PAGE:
The traditional personal computer has been in trouble for over a decade. Today’s PCs just don’t do much more than they did 10 years ago. Sales have been in the dumpster for years while the Mac chugged along to a continual string of record sales.
Yes, headline after headline says Microsoft has reinvented the personal computer. OK. I missed that somehow, so I had to do a little digging around to see why all the anti-Apple digital technology rags and their writers were busy humping Microsoft’s leg.
Still A PC
Let’s see. The iPhone was launched just over 11 years ago and Windows PC sales have been in the doldrums for about a decade. What happened? The post-PC era began with the mobile revolution which was led by iPhone and iPad. PCs didn’t really die, of course, but Microsoft found itself in an unenviable position of being beaten up by Apple’s Mac at the high end, losing an entire product line of tablets to the iPad, and getting its low end lunch eaten by Chromebooks at the low end of the product spectrum.
What to do? What to do?
So, to hear technology writers tell the tale, Microsoft reinvented the PC. It’s called Microsoft Surface. Wait! What? That Surface? The same Surface that has been losing money since it was introduced back in 2014? The same Surface that Microsoft wrote off about a billion dollars?
Yeah. Microsoft’s Surface reinvented the PC. One could argue that where traditional Windows PC makers were barely breaking even, Microsoft came along and reinvented everything by losing big money. But that’s not what reinvented really means.
What Microsoft has managed to do is good for the PC industry, despite mostly stagnant sales for the past four years. Oh, and by mostly stagnant, I mean dwarfed by the Mac and iPad. We have to include both because Microsoft’s television commercials compare Surface touchscreen devices to both Mac and iPad.
Dwarfed? Uh, yeah. Surface is the dwarf with about one-tenth of what Mac and iPad bring to Apple’s coffers.
So, what did Microsoft do to reinvent the PC industry?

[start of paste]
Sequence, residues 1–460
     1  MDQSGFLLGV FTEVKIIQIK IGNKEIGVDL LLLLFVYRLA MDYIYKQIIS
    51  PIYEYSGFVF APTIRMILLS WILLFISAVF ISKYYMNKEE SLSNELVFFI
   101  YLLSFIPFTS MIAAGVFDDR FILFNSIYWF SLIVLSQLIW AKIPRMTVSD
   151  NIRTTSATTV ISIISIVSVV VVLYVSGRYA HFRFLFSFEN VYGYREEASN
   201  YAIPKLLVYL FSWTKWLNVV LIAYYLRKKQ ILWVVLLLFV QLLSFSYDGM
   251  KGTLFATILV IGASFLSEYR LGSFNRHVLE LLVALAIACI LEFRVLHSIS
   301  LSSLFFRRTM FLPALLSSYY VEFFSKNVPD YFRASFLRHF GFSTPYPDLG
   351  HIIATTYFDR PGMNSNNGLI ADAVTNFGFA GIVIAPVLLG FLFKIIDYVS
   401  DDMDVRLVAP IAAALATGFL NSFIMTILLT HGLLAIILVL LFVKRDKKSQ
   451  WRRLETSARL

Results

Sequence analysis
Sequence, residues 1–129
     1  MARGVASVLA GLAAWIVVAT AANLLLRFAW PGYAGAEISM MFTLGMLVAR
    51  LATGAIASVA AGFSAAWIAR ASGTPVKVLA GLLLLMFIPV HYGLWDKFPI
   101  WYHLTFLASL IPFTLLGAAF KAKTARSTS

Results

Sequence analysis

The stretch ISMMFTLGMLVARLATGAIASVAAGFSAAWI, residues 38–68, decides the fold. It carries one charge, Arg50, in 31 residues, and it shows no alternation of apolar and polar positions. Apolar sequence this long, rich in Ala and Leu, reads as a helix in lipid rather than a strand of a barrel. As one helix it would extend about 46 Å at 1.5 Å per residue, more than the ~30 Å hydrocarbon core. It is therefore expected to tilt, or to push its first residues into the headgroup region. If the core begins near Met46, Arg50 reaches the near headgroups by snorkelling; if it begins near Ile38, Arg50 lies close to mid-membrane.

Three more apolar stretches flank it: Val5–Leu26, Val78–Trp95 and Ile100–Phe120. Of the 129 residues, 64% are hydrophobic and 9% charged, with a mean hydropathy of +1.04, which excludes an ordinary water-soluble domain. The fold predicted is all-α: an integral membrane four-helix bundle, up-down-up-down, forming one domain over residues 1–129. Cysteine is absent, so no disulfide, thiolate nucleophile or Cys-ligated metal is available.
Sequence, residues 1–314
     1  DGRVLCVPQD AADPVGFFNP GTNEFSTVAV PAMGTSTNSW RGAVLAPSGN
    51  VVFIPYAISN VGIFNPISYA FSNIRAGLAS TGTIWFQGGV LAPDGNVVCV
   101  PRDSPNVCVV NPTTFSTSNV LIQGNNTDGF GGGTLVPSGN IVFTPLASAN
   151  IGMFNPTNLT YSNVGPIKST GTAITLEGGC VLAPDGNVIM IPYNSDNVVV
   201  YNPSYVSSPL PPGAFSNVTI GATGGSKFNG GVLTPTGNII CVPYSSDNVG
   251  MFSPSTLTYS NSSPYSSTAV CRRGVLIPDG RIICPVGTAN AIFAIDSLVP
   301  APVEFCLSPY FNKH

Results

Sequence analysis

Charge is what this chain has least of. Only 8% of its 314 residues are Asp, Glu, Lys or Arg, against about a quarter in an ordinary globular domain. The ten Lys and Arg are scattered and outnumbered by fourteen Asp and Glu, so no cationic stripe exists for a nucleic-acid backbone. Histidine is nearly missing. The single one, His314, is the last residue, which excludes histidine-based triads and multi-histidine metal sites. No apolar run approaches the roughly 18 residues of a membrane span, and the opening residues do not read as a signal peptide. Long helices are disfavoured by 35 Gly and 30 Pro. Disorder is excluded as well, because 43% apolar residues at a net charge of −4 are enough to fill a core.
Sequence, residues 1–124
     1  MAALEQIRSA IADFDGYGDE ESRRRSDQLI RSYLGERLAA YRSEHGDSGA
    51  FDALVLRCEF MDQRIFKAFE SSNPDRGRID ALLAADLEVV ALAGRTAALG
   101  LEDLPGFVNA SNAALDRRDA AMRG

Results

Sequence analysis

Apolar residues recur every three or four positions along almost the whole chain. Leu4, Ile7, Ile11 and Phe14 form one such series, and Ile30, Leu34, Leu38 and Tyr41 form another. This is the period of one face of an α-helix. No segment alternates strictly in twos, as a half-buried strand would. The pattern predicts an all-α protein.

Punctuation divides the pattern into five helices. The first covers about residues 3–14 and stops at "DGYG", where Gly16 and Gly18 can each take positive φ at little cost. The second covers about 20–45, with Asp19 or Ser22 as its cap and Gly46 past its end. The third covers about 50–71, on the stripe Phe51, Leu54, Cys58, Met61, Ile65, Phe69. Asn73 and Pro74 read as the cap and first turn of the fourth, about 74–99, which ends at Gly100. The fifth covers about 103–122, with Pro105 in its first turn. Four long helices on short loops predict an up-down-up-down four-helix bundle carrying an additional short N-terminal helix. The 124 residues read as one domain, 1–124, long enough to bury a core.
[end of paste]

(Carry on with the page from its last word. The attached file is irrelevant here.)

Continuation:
The Windows maker made Windows much cheaper for PC manufacturers so as to thwart growing Chromebook sales at the low end. And, Microsoft launched a modest line of touchscreen PCs– from cheap-assed notebook tablet hybrids to MacBook Pro competition to a desktop PC with a giant touchscreen that one ups the Mac.
Microsoft Surface sales pushed close to a billion dollars a quarter four years ago, and after a year of dropping sales, seems to have rebounded with the rest of the PC industry with slightly more than a billion in quarterly sales this year.
The PC industry is back, baby.
Well, not so much back as owners of older PCs are upgrading now, so pent up demand is translated into more Microsoft Surface sales. What about reinventing the PC? The touchscreen on Windows PCs is a thing that Apple does not really answer. iPad is not a Mac. The Mac is not an iPad. And neither Mac or iPad is a Windows Surface notebook tablet hybrid.
It doesn’t matter.
Most touchscreen notebook users don’t use their devices as tablets, therefore, the touchscreen doesn’t get used much. Instead, the little devices are used as, well, notebooks.
So much for reinventing the personal computer, huh?
As much as I think a touchscreen on a Mac– and a better Mac-like keyboard and some trackpad and mouse support on iPad– would be a plus, the lack of either one won’t make me switch from Mac and iPad to a single device that performs poorly as both notebook and tablet.